ISIL (Islamic State in Iraq and the Levant) forces are not demonstrating any ability to stop the advance. Although ISIL keeps bringing more fighters into Mosul it does not help a lot because losses and desertions remain high and morale quite low. This can be seen by the increasing use of mass executions of ISIL fighters (often poorly trained new recruits) who flee a battle or otherwise refuse to fight.

In a recent incident ISIL executed 45 of their men by locking them in industrial walk-in freezers for 24 hours and then displaying some of the frozen bodies around Mosul as a warning to everyone. The 45 victims here were among the defenders of the recently (April 8th) lost town of Hit. Located on the Euphrates River some 200 kilometers from Baghdad Hit is near the al Asad airbase, where many U.S. troops have been stationed since 2015. Hit had a population of 100,000 in mid-2014 but by the end of the year the arrival of ISIL had led nearly half of the people to flee. Another 10,000 civilians fled in last week of the battle. ISIL only had a few hundred men defending the city and they used snipers, hundreds of landmines, roadside bombs and ambushes to delay the army advance. ISIL leaders were dismayed when most of the Hit defenders fled as troops began moving into the town. ISIL can still get men to volunteer for suicide bombings but large scale attacks by ISIL gunmen are a risky proposition now because the average ISIL fighter is not up to it in terms of skills or motivation. For that reason ISIL counterattacks tend to fail and simply boost the morale of the advancing Iraqis and Kurds.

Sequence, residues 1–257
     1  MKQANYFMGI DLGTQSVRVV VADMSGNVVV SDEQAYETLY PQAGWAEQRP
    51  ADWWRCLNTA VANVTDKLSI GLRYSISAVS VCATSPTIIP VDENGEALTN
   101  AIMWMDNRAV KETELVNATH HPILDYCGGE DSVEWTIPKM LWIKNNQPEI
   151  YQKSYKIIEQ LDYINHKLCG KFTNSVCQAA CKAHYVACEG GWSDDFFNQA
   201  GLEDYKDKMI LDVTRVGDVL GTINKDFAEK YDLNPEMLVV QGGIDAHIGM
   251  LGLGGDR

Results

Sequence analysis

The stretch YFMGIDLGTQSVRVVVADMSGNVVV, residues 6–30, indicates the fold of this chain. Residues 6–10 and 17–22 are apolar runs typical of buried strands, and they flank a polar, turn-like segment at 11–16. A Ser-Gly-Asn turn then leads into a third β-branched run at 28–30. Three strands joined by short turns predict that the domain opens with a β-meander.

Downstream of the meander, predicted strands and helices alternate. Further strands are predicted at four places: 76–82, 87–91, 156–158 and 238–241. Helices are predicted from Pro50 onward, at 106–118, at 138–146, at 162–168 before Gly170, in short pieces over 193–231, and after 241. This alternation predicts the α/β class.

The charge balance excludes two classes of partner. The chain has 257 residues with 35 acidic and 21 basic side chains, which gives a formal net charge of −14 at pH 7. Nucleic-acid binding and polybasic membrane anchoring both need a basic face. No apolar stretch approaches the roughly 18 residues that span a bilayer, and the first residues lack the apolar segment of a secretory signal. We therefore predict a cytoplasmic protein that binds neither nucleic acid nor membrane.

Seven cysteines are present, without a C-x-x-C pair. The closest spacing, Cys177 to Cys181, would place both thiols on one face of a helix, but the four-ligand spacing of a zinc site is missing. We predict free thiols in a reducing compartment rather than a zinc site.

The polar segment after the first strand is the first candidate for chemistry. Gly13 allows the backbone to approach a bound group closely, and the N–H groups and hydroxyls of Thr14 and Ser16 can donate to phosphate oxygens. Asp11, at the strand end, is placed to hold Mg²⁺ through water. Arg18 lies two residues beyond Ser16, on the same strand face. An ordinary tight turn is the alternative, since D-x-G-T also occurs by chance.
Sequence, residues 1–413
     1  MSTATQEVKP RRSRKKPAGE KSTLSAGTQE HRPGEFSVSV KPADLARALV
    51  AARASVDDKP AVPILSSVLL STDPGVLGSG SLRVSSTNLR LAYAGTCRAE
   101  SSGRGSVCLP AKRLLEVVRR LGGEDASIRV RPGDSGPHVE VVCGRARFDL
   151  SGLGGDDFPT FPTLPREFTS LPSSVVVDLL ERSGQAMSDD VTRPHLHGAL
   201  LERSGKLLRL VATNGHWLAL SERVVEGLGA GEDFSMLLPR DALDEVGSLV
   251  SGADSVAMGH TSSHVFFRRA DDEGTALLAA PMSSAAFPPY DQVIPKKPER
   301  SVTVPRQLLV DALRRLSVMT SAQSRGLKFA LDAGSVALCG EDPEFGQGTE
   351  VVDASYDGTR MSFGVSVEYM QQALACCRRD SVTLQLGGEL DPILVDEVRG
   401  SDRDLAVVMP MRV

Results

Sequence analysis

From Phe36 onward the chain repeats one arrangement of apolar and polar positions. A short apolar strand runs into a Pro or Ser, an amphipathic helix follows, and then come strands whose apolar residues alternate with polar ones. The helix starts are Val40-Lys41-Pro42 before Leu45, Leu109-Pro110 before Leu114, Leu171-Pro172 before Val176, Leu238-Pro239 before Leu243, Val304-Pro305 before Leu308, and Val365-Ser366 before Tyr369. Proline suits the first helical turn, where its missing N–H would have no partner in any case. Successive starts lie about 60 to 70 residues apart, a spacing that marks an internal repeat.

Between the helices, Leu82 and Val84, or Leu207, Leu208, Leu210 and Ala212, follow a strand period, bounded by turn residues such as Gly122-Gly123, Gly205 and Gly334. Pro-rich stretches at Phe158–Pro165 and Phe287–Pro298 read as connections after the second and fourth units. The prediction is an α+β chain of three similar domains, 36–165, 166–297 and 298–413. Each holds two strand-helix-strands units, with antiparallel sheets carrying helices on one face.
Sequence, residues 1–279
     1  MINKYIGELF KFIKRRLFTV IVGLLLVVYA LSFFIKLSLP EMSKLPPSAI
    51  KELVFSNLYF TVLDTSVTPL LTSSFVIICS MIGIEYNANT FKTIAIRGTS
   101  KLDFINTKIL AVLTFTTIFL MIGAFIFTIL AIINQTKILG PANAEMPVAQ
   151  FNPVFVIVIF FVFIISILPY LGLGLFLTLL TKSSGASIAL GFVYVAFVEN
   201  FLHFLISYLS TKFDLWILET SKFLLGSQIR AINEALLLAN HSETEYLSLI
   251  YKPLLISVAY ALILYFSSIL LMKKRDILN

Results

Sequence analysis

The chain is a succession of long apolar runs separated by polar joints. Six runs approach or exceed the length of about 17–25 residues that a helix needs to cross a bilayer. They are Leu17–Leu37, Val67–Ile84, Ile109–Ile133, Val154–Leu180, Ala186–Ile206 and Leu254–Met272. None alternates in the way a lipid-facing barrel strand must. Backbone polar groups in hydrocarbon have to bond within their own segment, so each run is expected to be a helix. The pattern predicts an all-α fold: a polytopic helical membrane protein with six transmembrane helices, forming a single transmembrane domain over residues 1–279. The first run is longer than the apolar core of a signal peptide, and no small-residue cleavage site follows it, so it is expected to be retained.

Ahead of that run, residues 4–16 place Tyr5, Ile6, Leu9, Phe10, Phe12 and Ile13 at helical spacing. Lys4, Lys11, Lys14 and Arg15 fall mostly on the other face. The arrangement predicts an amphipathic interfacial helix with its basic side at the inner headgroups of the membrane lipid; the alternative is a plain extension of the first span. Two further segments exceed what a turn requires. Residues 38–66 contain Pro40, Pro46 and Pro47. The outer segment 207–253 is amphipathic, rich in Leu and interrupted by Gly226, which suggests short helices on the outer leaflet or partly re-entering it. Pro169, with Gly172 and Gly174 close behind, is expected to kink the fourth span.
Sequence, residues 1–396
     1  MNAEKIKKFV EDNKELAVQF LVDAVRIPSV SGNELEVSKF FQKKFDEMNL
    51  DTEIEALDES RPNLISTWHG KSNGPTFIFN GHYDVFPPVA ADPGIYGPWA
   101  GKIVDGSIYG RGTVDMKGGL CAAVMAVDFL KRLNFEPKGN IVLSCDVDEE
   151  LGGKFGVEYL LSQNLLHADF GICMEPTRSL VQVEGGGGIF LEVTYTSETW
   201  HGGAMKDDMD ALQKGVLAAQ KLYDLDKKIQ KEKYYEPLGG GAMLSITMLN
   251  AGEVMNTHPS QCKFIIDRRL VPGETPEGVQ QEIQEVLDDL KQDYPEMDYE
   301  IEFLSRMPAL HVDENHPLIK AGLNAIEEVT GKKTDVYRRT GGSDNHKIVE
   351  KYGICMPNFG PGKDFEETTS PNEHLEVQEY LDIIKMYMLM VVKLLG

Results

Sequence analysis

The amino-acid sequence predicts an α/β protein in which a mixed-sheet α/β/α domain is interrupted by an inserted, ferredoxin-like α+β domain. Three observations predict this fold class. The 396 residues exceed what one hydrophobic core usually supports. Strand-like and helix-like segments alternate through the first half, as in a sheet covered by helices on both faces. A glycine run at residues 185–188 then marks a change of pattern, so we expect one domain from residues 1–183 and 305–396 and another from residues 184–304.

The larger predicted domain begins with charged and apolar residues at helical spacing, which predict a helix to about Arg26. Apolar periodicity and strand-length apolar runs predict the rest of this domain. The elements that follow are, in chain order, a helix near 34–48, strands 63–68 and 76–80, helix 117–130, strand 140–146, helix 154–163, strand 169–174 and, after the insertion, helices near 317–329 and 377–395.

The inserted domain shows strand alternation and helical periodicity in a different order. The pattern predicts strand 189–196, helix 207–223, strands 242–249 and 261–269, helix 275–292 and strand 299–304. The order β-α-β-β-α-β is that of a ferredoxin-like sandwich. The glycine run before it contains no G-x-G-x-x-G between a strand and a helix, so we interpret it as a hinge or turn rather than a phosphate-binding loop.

ISIS Spreading in Europe, DNI Clapper

ERIC SCHMITT and ALISSA J. RUBIN
April 26, 2016

ISIS Spreading in Europe, U.S. Intelligence Chief Warns

WASHINGTON — The Islamic State is operating clandestine terrorist cells in Britain, Germany and Italy, similar to the groups that carried out the attacks in Paris and Brussels, the top-ranking American intelligence official said on Monday.